The incredible true story of the last ship to carry enslaved people to America, the remarkable town its survivors founded after emancipation, and the complicated legacy their descendants carry with them to this day—by the journalist who discovered the ship’s remains.
Fifty years after the Atlantic slave trade was outlawed, the Clotilda became the last ship in history to bring enslaved Africans to the United States. The ship was scuttled and burned on arrival to hide evidence of the crime, allowing the wealthy perpetrators to escape prosecution. Despite numerous efforts to find the sunken wreck, Clotilda remained hidden for the next 160 years. But in 2019, journalist Ben Raines made international news when he successfully concluded his obsessive quest through the swamps of Alabama to uncover one of our nation’s most important historical artifacts.
Traveling from Alabama to the ancient African kingdom of Dahomey in modern-day Benin, Raines recounts the ship’s perilous journey, the story of its rediscovery, and its complex legacy. Against all odds, Africatown, the Alabama community founded by the captives of the Clotilda, prospered in the Jim Crow South. Zora Neale Hurston visited in 1927 to interview Cudjo Lewis, telling the story of his enslavement in the New York Times bestseller Barracoon. And yet the haunting memory of bondage has been passed on through generations. Clotilda is a ghost haunting three communities—the descendants of those transported into slavery, the descendants of their fellow Africans who sold them, and the descendants of their American enslavers. This connection binds these groups together to this day. At the turn of the century, descendants of the captain who financed the Clotilda’s journey lived nearby—where, as significant players in the local real estate market, they disenfranchised and impoverished residents of Africatown.
From these parallel stories emerges a profound depiction of America as it struggles to grapple with the traumatic past of slavery and the ways in which racial oppression continue to this day. And yet, at its heart, The Last Slave Ship remains optimistic—an epic tale of one community’s triumphs over great adversity and a celebration of the power of human curiosity to uncover the truth about our past and heal its wounds.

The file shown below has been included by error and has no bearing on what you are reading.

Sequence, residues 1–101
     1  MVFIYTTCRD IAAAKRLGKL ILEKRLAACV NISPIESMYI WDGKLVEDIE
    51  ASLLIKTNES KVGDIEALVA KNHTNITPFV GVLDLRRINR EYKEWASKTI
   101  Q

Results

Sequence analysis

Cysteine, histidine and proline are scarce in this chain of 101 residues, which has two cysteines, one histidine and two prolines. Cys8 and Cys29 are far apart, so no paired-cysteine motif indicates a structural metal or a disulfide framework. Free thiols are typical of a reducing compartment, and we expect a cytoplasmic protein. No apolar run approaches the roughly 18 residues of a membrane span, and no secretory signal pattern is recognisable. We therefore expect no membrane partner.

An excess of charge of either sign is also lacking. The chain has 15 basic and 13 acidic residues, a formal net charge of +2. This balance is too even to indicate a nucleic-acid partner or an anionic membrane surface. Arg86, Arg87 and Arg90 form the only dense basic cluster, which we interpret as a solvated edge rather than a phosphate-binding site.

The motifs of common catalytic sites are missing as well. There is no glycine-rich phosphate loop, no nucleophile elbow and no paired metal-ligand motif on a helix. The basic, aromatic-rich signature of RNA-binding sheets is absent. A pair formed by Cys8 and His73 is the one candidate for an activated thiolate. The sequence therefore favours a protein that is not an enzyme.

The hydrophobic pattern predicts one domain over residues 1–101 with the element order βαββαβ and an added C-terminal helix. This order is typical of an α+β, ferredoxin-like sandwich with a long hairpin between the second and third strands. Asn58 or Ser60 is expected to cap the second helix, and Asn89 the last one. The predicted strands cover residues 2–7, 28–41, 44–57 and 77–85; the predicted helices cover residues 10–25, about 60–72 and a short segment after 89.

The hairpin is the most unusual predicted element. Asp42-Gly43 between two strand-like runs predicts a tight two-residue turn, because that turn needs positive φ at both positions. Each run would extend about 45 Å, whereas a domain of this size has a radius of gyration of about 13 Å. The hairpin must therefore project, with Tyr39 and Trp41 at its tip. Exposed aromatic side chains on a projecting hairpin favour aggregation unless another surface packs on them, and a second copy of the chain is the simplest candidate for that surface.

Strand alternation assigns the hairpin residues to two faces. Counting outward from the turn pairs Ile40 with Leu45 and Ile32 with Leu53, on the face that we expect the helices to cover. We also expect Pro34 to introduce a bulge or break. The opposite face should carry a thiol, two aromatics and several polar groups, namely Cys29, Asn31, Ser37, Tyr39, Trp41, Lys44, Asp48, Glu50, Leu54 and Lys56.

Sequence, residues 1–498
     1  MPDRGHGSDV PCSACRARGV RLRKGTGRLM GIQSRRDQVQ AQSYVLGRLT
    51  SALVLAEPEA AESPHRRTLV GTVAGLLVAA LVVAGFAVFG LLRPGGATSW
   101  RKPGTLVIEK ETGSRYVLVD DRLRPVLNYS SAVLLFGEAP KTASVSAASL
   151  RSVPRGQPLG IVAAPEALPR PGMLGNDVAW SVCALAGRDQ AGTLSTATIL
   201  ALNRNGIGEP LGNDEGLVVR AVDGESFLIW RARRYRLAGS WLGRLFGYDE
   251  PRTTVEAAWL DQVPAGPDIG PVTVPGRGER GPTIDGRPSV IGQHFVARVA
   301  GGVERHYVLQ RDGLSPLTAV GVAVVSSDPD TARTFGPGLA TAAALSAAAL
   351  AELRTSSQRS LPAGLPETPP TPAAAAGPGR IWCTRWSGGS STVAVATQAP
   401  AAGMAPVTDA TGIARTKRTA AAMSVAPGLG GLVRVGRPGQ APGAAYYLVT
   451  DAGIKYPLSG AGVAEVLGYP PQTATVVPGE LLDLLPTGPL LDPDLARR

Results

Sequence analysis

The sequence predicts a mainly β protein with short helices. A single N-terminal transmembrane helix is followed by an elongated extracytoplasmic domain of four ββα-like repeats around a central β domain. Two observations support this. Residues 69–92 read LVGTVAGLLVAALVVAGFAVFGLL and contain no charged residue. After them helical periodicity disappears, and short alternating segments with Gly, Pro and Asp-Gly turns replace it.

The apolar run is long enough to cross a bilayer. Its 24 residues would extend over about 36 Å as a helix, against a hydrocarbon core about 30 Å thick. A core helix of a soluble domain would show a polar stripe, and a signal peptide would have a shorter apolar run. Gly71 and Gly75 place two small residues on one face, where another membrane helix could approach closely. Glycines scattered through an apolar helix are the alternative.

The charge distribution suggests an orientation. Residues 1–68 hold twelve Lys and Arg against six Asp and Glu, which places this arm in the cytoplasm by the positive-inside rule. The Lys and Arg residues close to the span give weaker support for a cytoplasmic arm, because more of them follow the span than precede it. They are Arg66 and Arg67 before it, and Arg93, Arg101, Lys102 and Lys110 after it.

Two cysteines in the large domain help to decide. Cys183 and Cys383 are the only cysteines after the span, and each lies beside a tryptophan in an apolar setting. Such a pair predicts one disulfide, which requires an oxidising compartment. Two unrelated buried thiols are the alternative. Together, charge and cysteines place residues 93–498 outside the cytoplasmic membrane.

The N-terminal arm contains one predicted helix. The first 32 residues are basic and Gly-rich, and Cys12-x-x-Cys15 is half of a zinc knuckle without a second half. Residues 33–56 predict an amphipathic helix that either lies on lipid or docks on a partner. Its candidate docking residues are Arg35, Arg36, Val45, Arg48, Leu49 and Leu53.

Ben Raines is an award-winning environmental journalist, filmmaker, and charter captain. He lives with his wife in Fairhope, Alabama.
"The fast-paced narrative begins with the voyage and follows the Clotilda’s survivors beyond the Civil War....Raines vividly conjures the watery landscape into which the Africans stepped... Knowledge of these waterways also led Raines to locate the Clotilda in a place previous searchers had ignored." — The New York Times (Editors' Choice)
"In our uncertain times, The Last Slave Ship.. is a welcome and affecting history lesson... Enlightening." — The Guardian
"A multidimensional exploration of the Clotilda, its bad actors and the descendants of the survivors... an important, weighty, timely read." — The Atlanta Journal-Constitution
"Ben Raines made headlines in 2019 when he discovered the remains of the Clotilda, the last ship to bring enslaved people to America. His gripping, affecting book chronicles his search for the vessel in the swamps of Alabama and tells the stories of its captives and their descendants."— The Christian Science Monitor (Best Books of February)
"The Last Slave Ship is an action-packed, whip-smart true account that’s filled with science, history, and compassion. Readers will devour it." — The Washington Informer
"Ben Raines’ passionate detective work led him to discover the most famous slave shipwreck… Raines has written a crucial chapter in this unique story of loss and exploitation, but also of unsurmountable strength and hopefulness. An inspiring and captivating book.” — Sylviane A. Diouf, PhD, author of Dreams of Africa in Alabama: The Slave Ship Clotilda and the Story of the Last Africans Brought to America
"The Last Slave Ship is all at once the true story of a terrible crime and its survivors, a riveting account of discovering the evidence its perpetrators hoped would never be found, and a moving attempt to grapple with its legacy. We may never ultimately be able to reckon adequately with slavery, but Ben Raines reminds us that the task’s immensity is no excuse for neglecting it. This is a powerful and important book."— Joshua Rothman, the Dept. of History professor at University of Alabama
"Raines’ adroit descriptions of the people and events triggered by the voyage of Clotilda are not only riveting, but speak to the true spirits of all involved." — Darron Patterson, President of The Clotilda Descendants Association
"An evocative and informative tale of exploitation, deceit, and resilience.”— Publishers Weekly (starred review)
“A highly readable, elucidating narrative that investigates all the layers of a traumatic history.— Kirkus Reviews (starred review)